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HBO Basically Tells Us To Continue Pirating 'Game Of Thrones'

Discussion in 'Off-Topic Discussion' started by CatfishRivers, Jun 8, 2012.

  1. CatfishRivers

    CatfishRivers Well-Known Member

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    HBO Basically Tells Us To Continue Pirating 'Game Of Thrones' | The Daily Feed | Minyanville.com (click for full article)

    "To state a really, really obvious fact, TV is changing. To be a little bit more obvious, it's the Internet's fault.


    Thanks to streaming services like Netflix (NFLX) and Hulu, as well the Apple TV (AAPL) (maybe, possibly becoming an actual HDTV set soon) and Google TV (GOOG), traditional cable companies are facing more competition than ever for viewer eyeballs. Still, the economics of television are still pretty appealing for at least one major online media presence.


    Yesterday, the New York Times Media Decoder blog reported that HBO had responded on Twitter to an online campaign pushing for Web-only HBO memberships. The takeaway? Web-exclusive memberships aren't happening, at least not for now.


    This week, Jake Caputo started a web page titled "Take My Money, HBO!" that called on HBO to provide an option to subscribe only to its HBO GO feature and asked visitors to name how much they would pay for such a service. The page points out that many Internet users already pirate HBO programs -- a fact also pointed out in this very "The Times is On It" article late last month -- and so the premium cable company might as well charge them."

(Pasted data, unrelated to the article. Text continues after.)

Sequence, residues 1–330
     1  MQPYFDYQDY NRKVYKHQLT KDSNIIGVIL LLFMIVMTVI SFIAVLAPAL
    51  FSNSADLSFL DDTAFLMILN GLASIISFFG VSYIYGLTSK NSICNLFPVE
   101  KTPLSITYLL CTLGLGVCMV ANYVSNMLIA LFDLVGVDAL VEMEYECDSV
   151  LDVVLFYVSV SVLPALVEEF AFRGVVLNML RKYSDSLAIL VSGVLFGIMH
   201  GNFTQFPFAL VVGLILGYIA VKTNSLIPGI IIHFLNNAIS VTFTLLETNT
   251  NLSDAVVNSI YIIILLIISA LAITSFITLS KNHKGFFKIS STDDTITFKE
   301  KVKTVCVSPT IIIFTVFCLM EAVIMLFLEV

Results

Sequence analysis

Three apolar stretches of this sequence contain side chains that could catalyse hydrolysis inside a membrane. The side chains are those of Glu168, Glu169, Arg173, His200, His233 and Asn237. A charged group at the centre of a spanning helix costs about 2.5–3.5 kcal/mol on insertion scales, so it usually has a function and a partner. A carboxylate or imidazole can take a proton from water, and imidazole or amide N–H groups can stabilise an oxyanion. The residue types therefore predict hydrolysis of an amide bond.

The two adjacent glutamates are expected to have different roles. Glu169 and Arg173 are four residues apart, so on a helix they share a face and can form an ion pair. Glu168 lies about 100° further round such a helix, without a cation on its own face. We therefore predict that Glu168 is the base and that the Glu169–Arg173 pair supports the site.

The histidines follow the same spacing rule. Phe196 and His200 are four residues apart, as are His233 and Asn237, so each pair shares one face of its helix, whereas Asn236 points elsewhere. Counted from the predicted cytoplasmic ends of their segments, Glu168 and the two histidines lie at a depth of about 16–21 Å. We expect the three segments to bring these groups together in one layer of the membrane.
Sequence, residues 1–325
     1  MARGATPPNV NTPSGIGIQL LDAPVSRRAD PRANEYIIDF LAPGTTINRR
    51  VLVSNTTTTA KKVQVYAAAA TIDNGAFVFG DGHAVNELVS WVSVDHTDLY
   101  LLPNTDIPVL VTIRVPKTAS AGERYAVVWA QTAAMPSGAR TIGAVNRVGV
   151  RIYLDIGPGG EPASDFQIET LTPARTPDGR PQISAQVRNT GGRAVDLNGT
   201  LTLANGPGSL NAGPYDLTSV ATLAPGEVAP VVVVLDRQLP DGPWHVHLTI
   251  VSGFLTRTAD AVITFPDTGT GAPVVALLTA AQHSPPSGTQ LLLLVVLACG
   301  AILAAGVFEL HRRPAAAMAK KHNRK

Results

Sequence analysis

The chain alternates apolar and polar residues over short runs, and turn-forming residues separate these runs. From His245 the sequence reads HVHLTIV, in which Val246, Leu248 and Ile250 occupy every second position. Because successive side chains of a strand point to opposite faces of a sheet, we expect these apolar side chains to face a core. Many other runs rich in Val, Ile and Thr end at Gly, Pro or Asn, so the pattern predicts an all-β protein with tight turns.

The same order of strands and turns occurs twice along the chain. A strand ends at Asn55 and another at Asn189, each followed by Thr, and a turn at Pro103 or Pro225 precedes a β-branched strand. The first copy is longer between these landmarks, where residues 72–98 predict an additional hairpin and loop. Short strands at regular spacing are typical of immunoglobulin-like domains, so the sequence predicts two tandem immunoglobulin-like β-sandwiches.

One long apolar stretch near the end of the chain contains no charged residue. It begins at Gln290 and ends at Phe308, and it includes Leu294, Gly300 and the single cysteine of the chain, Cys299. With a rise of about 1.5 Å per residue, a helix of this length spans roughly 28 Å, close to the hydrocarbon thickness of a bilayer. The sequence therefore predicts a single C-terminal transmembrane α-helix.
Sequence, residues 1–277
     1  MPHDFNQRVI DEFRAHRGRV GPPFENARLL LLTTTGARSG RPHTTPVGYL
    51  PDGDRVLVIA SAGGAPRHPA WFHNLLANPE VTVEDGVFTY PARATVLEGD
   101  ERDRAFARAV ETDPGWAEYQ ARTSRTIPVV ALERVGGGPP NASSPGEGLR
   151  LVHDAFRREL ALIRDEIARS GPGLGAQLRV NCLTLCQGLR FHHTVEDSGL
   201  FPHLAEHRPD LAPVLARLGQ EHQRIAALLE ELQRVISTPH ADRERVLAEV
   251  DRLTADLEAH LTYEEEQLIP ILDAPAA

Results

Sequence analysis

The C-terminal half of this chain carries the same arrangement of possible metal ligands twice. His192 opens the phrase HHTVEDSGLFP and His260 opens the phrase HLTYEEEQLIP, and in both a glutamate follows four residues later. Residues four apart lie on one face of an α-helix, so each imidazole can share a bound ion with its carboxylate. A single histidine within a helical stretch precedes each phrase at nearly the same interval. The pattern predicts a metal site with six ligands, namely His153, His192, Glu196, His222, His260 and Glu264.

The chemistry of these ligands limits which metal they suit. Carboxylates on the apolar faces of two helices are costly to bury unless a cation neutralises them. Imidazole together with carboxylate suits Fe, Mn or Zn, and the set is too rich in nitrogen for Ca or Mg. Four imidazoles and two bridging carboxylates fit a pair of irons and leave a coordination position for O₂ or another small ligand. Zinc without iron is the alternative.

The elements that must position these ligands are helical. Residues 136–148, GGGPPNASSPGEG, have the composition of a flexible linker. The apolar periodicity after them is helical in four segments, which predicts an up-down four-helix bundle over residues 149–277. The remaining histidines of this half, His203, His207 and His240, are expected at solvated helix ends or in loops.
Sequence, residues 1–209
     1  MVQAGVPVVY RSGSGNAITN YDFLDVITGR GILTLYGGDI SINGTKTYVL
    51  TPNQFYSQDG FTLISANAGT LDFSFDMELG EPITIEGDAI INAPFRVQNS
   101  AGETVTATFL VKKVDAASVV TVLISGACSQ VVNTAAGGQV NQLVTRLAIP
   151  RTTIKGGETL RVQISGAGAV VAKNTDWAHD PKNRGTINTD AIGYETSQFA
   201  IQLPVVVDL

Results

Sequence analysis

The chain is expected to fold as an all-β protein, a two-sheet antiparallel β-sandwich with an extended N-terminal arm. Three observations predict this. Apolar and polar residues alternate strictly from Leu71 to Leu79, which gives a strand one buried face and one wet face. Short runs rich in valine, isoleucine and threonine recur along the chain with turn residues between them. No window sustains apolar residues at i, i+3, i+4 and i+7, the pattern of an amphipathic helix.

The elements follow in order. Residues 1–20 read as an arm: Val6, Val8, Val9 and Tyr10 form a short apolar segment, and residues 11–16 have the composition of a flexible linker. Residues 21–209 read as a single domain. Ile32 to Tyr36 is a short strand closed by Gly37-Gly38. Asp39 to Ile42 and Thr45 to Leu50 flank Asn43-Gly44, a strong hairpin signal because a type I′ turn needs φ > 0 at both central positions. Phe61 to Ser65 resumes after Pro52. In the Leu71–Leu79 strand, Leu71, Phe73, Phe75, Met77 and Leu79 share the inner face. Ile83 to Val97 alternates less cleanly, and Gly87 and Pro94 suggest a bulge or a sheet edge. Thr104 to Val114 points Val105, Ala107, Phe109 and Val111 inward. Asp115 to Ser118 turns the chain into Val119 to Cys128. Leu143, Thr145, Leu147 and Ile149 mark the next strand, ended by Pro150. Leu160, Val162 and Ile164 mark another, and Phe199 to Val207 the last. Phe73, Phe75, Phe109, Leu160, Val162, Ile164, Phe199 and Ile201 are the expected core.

2. ChrisG8

    ChrisG8 Well-Known Member

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    That is a rather sensational headline and of course absolutely false, HBO wants nothing of the sort. HBO along with all other or at least almost all other premium cable channel providers have so far decided that to stream their content, you must have a traditional pay TV subscription and I see nothing that makes me think that is a bad business decision. Since I don't have a pay TV subscription, I wish HBO, Starz!, Showtime, HDNet Movies, TCM and other cable channels had a streaming only service but I understand that the relationship with the cable companies is too important to jeopardize for the small revenue that could be generated by internet stream only subscriptions. For now, I will have to stream from sites that benefit from my business but things are changing rapidly and I might soon be part of a market that is significant.
     
  3. arrowrand

    arrowrand New Member

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    I could buy the dozen or so pay TV series that I watch on Amazon VOD and save over a grand a year compared to what I pay DirecTV. I'd never do it, because I'd miss all of the sports programming, but I could.

    You choose to bait the title with the implication that if HBO won't take your money directly you'll steal their content instead of paying Amazon or iTunes. That's just stupid.

    Sent from my Galaxy Nexus using Tapatalk 2
     
  4. ChrisG8

    ChrisG8 Well-Known Member

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    The thread title is a direct copy of the article title, the author of which is to blame for that but I agree it is trying to be sensational and it is stupid.